The Path to 500 series continues this week as we take another look at the Pittsburgh passing game. Our last session in this series addressed the quick passing game of the Steelers and Ben Roethlisberger's rhythm with his wide receivers to make short quick passes that were fast enough to break down defenses.
Arguably the biggest story of the Pittsburgh Steelers' offseason came from the season-long suspension of Martavis Bryant. Bryant has become a wide receiver that is nationally recognized both for his speed and his ability to win jump ball battles in his first two NFL seasons. Getting behind defensive backs became a more regular occurrence for Bryant each passing week and his talents made for another threat that defenses had to consider when facing the Steelers' offense, opening up more opportunities for Antonio Brown and other receiving options.
Despite the loss of Bryant for the season, Pittsburgh still will have players it can test defenses on deep passes and open up their aerial attack to keep defenses on their heels. This film room takes a look back at moments from 2015 that showed just that.
Weeks ago ESPN analysts looked t the top speeds of each of Pittsburgh's receivers and showed that Heyward-Bey clocked in as the fastest of Pittsburgh's receivers. Though he lacks the height of Bryant, Heyward-Bey still has wheels on him to get past defenders.
Straight-line speed and explosiveness are necessary as a deep threat for an offense and Heyward-Bey has that in his tools. When a player as that one their side and is not the first or second option for an offense, it becomes a better threat for quarterbacks like Roethlisberger to use because they will not be facing the better defenders in a defense. Facing a third string cornerback who might not be able to blanket a receiver gives more chances for plays like this to happen as Heyward-Bey blows past his man.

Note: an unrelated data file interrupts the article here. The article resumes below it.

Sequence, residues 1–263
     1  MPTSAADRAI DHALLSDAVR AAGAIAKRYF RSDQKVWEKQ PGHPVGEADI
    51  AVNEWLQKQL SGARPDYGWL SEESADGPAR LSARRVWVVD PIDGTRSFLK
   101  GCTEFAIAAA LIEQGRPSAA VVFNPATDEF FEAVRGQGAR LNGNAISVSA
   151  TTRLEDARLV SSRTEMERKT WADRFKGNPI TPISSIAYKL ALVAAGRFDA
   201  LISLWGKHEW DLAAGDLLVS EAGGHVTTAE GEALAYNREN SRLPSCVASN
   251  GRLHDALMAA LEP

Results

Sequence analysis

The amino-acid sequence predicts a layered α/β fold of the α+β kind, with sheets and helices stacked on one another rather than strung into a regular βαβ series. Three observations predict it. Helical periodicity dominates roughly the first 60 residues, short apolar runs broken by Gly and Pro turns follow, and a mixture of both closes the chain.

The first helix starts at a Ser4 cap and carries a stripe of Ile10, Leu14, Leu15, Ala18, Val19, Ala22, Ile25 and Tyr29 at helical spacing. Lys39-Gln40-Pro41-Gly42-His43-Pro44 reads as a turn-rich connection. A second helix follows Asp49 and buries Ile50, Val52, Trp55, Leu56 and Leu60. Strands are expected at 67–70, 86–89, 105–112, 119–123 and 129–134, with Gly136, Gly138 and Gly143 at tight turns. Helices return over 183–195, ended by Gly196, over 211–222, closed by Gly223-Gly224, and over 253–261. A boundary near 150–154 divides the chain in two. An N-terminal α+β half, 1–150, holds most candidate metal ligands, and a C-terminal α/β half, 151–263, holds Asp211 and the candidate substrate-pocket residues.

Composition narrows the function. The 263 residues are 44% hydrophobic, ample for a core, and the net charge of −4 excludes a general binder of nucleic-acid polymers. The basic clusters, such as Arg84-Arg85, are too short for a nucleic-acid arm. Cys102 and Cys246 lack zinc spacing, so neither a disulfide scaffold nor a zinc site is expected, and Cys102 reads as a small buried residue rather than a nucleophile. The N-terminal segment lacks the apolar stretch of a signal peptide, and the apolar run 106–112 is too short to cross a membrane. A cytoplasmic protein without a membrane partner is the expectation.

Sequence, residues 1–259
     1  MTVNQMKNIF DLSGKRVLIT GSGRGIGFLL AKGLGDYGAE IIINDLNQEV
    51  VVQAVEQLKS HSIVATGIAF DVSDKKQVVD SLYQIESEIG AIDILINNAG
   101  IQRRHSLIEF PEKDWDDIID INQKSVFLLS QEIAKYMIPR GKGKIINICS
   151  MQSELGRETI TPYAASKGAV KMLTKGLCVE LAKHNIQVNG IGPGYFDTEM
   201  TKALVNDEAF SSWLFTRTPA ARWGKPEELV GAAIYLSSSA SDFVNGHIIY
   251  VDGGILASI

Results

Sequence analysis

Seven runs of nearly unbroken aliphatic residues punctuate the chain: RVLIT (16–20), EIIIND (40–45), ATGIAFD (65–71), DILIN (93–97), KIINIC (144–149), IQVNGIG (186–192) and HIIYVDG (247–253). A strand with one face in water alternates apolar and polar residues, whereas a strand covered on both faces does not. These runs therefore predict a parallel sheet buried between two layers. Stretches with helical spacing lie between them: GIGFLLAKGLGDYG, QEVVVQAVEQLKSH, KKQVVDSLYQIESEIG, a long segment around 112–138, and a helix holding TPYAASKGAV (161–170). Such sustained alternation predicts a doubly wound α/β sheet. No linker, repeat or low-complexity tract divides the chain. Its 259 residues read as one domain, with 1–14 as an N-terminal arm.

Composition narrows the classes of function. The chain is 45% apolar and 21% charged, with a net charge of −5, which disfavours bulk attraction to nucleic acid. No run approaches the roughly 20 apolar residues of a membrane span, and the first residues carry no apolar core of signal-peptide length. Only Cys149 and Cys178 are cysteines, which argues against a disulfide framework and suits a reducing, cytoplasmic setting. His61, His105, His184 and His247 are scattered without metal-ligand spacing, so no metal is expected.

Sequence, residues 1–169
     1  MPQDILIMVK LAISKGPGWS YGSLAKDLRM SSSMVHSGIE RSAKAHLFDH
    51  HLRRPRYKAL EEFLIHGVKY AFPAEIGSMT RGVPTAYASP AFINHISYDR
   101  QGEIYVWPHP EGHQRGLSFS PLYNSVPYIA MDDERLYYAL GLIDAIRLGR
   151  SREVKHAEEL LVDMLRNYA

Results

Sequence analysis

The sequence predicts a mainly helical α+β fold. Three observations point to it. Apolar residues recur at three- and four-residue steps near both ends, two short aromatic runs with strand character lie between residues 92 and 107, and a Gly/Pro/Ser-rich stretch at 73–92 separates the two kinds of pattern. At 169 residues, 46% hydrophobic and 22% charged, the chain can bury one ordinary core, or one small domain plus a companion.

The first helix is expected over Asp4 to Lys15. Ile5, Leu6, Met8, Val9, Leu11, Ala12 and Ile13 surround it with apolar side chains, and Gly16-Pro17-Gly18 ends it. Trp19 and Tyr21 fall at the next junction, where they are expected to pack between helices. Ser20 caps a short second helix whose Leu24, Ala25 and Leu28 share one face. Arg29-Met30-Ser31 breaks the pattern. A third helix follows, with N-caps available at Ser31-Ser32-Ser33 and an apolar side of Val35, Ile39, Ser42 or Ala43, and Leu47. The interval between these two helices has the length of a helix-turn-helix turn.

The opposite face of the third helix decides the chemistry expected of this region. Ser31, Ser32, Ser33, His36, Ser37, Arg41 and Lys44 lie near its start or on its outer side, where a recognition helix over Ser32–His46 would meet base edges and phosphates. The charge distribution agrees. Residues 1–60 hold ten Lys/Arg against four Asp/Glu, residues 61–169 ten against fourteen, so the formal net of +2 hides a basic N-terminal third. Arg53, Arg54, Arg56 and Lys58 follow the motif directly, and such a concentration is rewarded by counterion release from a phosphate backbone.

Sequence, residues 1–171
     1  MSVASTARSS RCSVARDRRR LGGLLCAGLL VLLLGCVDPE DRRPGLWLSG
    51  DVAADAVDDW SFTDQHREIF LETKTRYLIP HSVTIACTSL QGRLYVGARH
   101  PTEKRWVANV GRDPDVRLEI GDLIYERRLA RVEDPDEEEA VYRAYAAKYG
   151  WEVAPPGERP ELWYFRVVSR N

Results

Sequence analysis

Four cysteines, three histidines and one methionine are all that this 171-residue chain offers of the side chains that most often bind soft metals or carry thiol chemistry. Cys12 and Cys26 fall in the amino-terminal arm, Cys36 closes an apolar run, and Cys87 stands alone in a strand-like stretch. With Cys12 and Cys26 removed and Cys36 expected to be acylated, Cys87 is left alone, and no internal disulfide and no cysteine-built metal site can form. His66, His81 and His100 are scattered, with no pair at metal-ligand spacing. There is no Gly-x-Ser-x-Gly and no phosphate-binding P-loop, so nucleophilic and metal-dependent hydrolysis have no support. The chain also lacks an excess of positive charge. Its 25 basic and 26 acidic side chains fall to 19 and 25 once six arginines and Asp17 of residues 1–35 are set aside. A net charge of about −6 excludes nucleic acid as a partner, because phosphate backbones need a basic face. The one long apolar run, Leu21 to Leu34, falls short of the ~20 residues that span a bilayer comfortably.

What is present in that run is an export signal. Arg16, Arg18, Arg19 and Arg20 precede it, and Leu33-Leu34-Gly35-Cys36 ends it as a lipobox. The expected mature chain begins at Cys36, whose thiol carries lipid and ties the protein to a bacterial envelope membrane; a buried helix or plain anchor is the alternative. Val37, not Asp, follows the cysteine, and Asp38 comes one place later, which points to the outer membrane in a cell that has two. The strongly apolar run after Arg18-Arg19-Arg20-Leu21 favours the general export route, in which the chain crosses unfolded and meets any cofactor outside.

Beating tight coverage
One thing that Bryant presented as a factor that defensive backs had to respect was his ability to beat tight coverage situations when defenders tried to jam or slow him down at the line of scrimmage. Bryant's size and arm reach were real assets that aren't present for Heyward-Bey or Wheaton.
But if the success of Antonio Brown has proven anything, it's that hard work beats size any day. Wheaton has steadily improved his skills in his first three seasons in the NFL, which gives credence to the notion that he could be even better in 2016 than he was in 2016.
On this play, Wheaton engages with the cornerback and fights towards the outside position necessary to make this play work. The perfect pass is thrown by Roethlisberger up the field and in a place where only Wheaton could get to the ball. Winning one-on-one battles is key when attention is focused on Antonio Brown and Le'Veon Bell, so opportunities like these must be taken advantage of when they are presented.
Roethlisberger's knack for keeping plays alive and striking anywhere on the field
This play was one of my personal favorites to watch from 2015 despite coming in a losing effort against the Seattle Seahawks. Roethlisberger moved around in the pocket and bought just enough time to launch a deep ball while on the run that was perfectly thrown to Wheaton who was speeding past the talented Seattle secondary.
Roethlisberger is the axis of success and failure
While the Steelers' wide receivers have proven the are credible threats for the deep ball, it will be up to Roethlisberger to both read the defenses and make the big throws. Not just any receiver can get open, but enough of the Steelers' players outside of Bryant have shown their ability to get behind defenses and get open for big plays. Between Wheaton, Heyward-Bey, Brown and the potential in both Sammie Coates and LaDarius Green, there could still be plenty of bombs in 2016 for Pittsburgh.